A SpaceX Falcon 9 rocket carrying two veteran NASA astronauts lifted off on Saturday on a historic first private crewed flight into space.
The two-stage SpaceX rocket with astronauts Robert Behnken and Douglas Hurley aboard blasted off smoothly in a cloud of orange flames and smoke from Launch Pad 39A at Florida’s Kennedy Space Center for the 19-hour voyage to the International Space Station.
The first crewed flight from US soil since the space shuttle program ended in 2011 had originally been scheduled for Wednesday but was delayed because of weather conditions, which also remained uncertain on Saturday right up until liftoff at 3:22 pm (1922 GMT).
The mission’s first launch try on Wednesday was called off with less than 17 minutes remaining on the countdown clock due to stormy weather around the Kennedy Space Center at Cape Canaveral in Florida.
The launch pad is the same one used by NASA’s final space shuttle flight, piloted by Hurley, in 2011. Since then, NASA astronauts have had to hitch rides into orbit aboard Russia’s Soyuz spacecraft.
Trump arrives at Kennedy Space Center
President Donald Trump arrived on Saturday at Kennedy Space Center to attend the launch.
He arrived in Cape Canaveral on Air Force One, and he was greeted on the tarmac by NASA administrator Jim Bridenstine and Kennedy Space Center Director Bob Cabana.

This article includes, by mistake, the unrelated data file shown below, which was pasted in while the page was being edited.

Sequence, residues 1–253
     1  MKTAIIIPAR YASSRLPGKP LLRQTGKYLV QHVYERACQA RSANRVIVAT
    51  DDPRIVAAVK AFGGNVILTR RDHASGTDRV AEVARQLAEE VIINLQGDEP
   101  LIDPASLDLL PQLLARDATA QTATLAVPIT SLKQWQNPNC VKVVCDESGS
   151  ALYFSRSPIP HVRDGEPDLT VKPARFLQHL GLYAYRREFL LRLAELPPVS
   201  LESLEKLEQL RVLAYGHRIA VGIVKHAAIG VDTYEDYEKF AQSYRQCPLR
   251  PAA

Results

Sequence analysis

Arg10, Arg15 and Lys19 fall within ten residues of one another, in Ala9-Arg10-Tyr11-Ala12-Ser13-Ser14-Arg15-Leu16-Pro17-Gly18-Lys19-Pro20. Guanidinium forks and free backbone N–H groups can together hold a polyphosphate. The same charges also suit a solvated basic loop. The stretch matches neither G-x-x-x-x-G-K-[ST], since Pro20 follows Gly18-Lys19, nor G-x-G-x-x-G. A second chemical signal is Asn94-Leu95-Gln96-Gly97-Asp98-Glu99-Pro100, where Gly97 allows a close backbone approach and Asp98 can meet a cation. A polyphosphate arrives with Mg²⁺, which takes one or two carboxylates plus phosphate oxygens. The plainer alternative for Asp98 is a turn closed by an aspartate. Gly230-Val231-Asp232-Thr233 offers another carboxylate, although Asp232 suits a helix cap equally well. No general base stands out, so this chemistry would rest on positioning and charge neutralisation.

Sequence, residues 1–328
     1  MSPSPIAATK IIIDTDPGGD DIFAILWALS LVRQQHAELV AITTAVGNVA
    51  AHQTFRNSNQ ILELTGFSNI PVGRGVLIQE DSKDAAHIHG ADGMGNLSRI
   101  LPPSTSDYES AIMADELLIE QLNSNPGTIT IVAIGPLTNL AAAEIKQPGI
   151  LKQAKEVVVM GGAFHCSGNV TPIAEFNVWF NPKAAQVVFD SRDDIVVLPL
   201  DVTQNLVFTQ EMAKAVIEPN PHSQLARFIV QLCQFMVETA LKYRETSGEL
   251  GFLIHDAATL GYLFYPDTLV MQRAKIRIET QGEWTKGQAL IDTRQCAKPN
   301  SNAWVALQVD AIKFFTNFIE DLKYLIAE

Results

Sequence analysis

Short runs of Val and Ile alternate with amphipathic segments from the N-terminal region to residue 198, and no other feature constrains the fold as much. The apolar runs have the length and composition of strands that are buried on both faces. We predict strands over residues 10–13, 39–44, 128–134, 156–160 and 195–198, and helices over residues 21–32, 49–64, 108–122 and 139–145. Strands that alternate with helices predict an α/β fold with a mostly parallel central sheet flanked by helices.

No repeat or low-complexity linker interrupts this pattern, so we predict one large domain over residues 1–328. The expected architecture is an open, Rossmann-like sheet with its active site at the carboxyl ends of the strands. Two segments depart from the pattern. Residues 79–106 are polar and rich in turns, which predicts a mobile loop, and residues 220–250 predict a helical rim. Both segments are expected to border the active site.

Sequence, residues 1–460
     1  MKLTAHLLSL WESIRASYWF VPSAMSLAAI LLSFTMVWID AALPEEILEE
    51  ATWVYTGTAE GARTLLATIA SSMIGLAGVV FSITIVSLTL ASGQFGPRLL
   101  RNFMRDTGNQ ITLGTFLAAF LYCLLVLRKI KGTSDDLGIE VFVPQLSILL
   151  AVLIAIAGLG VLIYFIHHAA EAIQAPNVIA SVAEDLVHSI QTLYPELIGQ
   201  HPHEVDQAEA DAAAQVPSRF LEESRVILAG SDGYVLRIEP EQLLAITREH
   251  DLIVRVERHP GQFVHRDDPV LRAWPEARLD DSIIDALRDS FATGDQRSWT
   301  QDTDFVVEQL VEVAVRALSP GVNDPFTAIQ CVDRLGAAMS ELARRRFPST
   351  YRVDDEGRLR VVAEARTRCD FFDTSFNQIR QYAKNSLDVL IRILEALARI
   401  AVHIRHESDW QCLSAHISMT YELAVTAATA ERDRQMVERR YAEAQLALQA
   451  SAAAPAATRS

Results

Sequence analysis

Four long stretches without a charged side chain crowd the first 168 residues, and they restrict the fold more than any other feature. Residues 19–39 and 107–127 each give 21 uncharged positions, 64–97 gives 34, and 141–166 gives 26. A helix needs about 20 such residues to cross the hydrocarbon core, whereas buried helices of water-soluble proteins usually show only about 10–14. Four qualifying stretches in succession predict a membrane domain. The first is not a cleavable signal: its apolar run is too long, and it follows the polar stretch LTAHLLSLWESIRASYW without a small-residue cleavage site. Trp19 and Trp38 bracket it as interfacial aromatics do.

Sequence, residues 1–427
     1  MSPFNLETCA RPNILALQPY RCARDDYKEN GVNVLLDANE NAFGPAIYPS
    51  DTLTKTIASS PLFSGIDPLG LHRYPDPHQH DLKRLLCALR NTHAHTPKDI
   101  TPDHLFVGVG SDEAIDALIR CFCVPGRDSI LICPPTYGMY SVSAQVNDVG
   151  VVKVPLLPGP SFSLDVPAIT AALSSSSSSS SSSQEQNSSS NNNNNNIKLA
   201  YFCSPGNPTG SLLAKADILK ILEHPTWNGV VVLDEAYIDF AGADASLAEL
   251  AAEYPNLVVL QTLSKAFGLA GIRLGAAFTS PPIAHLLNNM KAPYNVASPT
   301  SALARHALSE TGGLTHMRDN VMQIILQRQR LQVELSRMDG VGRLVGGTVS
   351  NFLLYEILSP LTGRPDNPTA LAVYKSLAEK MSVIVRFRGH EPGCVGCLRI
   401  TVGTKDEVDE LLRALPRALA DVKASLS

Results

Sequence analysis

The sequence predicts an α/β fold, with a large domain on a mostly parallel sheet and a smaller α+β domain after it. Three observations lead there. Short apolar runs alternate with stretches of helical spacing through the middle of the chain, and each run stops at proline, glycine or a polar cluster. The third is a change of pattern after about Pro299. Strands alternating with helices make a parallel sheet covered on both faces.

Crew bid goodbye to their families
As the crew bid goodbye to their families before getting into a specially-designed Tesla for the ride to the launch site, Behnken told his young son, “Be good for mom. Make her life easy.”
During the drive, Behnken and Hurley passed former astronaut Garrett Reisman holding a side saying “Take me with you.”
NASA chief Jim Bridenstine has said resuming launches of American astronauts on American-made rockets from US soil is the space agency’s top priority.
For Elon Musk, the launch represents another milestone for the reusable rockets his company pioneered to make spaceflight less costly and more frequent. And it would mark the first time commercially developed space vehicles - owned and operated by a private entity rather than NASA - have carried Americans into orbit.
The last time NASA launched astronauts into space aboard a brand new vehicle was 40 years ago at the start of the space shuttle program.
Musk, the South African-born high-tech entrepreneur who made his fortune in Silicon Valley, is also CEO of electric carmaker and battery manufacturer Tesla Inc. He founded Hawthorne, California-based SpaceX, formally known as Space Exploration Technologies, in 2002.
Hurley, 53, and Behnken, 49, NASA employees under contract to fly with SpaceX, are expected to remain at the space station for several weeks, assisting a short-handed crew aboard the orbital laboratory.
Boeing Co, producing its own launch system in competition with SpaceX, is expected to fly its CST-100 Starliner vehicle with astronauts aboard for the first time next year. NASA has awarded nearly $8 billion to SpaceX and Boeing combined for development of their rival rockets.
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